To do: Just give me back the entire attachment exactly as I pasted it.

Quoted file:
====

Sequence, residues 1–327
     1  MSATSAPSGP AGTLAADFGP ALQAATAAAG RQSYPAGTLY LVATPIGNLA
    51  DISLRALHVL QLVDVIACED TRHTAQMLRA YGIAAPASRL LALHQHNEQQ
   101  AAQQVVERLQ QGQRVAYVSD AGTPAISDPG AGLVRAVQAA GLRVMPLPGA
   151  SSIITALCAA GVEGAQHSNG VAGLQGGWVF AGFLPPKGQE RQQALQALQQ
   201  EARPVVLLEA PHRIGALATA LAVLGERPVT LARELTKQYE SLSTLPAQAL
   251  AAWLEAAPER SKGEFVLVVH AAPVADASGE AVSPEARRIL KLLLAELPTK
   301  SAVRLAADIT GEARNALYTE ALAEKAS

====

Sequence, residues 1–327
     1  MSATSAPSGP AGTLAADFGP ALQAATAAAG RQSYPAGTLY LVATPIGNLA
    51  DISLRALHVL QLVDVIACED TRHTAQMLRA YGIAAPASRL LALHQHNEQQ
   101  AAQQVVERLQ QGQRVAYVSD AGTPAISDPG AGLVRAVQAA GLRVMPLPGA
   151  SSIITALCAA GVEGAQHSNG VAGLQGGWVF AGFLPPKGQE RQQALQALQQ
   201  EARPVVLLEA PHRIGALATA LAVLGERPVT LARELTKQYE SLSTLPAQAL
   251  AAWLEAAPER SKGEFVLVVH AAPVADASGE AVSPEARRIL KLLLAELPTK
   301  SAVRLAADIT GEARNALYTE ALAEKAS